Moving on now to biscotti & chocolate truffles.

I wish you all a very happy holiday and a wonderful New Year.

Sunday, December 20, 2009

Winter Wonderland

Are you still out there dear readers? Or have you moved on to blogs that update more than once a quarter? I cannot blame you if you have. But if you are still here, here are some pretty pictures of the first winter snowfall. We will have a white solstice this year.

The Palisades

The Columbia University C

The Henry Hudson Bridge

Tuesday, September 15, 2009

Good as New

I seem to be posting only once a month. It is still sort of annoying to type for an extended period. But that will be over soon, I am getting my hand fixed.
As some of you may know, I have had chronic problems with my right hand and wrist. Odd sensations, a feeling of internal pressure, and pain. Prior to having any health insurance I had gone to an acupuncturist and a massage therapist. Neither was terribly helpful. Yoga did seem to help and the pain was receding though the weird sensations remained. Then one day I noticed a lump on the top of my hand. It was only visible if I flexed my hand down, stretching the skin. Weird. What could it be? A bone out of place? Wouldn't that be terribly painful? Fortunately I know someone who has a formidable knowledge of anatomy. When I showed it to him without hesitation he said, "That's a ganglion cyst." Then he felt it. "Yup, feels like a cyst." Naturally I looked it up on the web. Then I made an appointment with an orthopedist and got the thing aspirated (i.e. sucked out with a hypodermic needle). This did not get rid of all the problems though the pain was mostly gone. As predicted by all the websites I'd visited the cyst returned. So I had it aspirated again. Still, no complete relief. The doctor said I might want to consider surgery. Normally I try to avoid that sort of thing but I simply cannot continue this way. I switched doctors at this point, opting for a hand specialist to do the surgery. I am going next Monday. I feel sort of beatific thinking about how wonderful it will be to have a hand that really works.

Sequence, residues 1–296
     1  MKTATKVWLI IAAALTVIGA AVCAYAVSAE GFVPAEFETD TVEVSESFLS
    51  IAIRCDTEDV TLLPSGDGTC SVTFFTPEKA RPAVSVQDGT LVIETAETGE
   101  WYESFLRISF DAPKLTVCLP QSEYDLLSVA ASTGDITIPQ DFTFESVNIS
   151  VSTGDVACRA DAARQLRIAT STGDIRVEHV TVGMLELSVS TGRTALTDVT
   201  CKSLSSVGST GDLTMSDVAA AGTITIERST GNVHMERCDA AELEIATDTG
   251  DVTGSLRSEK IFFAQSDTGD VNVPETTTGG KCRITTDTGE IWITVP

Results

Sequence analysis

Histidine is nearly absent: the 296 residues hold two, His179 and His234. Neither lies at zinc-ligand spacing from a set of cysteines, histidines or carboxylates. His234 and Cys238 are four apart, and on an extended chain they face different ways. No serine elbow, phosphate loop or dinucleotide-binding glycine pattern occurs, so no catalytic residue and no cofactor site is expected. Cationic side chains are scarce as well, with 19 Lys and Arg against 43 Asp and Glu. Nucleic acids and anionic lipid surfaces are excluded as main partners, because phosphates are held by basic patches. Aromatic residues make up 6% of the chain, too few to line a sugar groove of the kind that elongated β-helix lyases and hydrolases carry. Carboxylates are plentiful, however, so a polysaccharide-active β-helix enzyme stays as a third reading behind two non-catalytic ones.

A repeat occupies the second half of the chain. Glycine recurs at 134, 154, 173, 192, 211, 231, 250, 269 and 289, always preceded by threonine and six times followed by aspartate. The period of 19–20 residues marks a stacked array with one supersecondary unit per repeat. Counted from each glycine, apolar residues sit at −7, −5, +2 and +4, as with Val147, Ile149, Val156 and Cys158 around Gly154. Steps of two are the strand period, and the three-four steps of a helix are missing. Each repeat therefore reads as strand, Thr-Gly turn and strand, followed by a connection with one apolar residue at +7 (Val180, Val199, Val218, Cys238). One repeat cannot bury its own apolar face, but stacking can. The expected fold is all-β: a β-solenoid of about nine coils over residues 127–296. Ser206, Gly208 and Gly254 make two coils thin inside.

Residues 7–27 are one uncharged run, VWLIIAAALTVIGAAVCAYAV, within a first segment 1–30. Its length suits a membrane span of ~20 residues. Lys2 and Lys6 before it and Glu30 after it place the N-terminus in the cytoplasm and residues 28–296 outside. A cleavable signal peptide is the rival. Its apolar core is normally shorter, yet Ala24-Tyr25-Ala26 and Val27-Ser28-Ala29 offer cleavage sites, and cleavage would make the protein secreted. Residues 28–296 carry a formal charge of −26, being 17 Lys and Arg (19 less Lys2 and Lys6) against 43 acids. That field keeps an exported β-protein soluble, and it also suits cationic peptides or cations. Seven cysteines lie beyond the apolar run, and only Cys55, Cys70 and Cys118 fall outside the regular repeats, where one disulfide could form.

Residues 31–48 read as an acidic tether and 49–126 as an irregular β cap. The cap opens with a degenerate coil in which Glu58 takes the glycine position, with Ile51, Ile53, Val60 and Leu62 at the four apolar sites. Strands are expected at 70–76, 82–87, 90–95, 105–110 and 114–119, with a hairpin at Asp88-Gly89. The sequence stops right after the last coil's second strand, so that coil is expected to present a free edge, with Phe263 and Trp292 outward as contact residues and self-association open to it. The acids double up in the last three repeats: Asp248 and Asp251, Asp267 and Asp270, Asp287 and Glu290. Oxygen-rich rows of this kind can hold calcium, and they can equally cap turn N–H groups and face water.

Saturday, August 15, 2009

Pursuit of Happiness

You may be wondering what became of my happiness project. It's still going on. And I am not alone. The New York Times has a whole column about it called Happy Days: The Pursuit of What Matters in Troubled Times. The description says:

The severe economic downturn has forced many people to reassess their values and the ways they act on them in their daily lives. For some, the pursuit of happiness, sanity, or even survival, has been transformed. Happy Days is a discussion about the search for contentment in its many forms — economic, emotional, physical, spiritual — and the stories of those striving to come to terms with the lives they lead.

The topics of the column have ranged from near death experiences to spiritual retreats to the nature of sin among many others. I read it regularly and usually enjoy the essays though I don't always agree.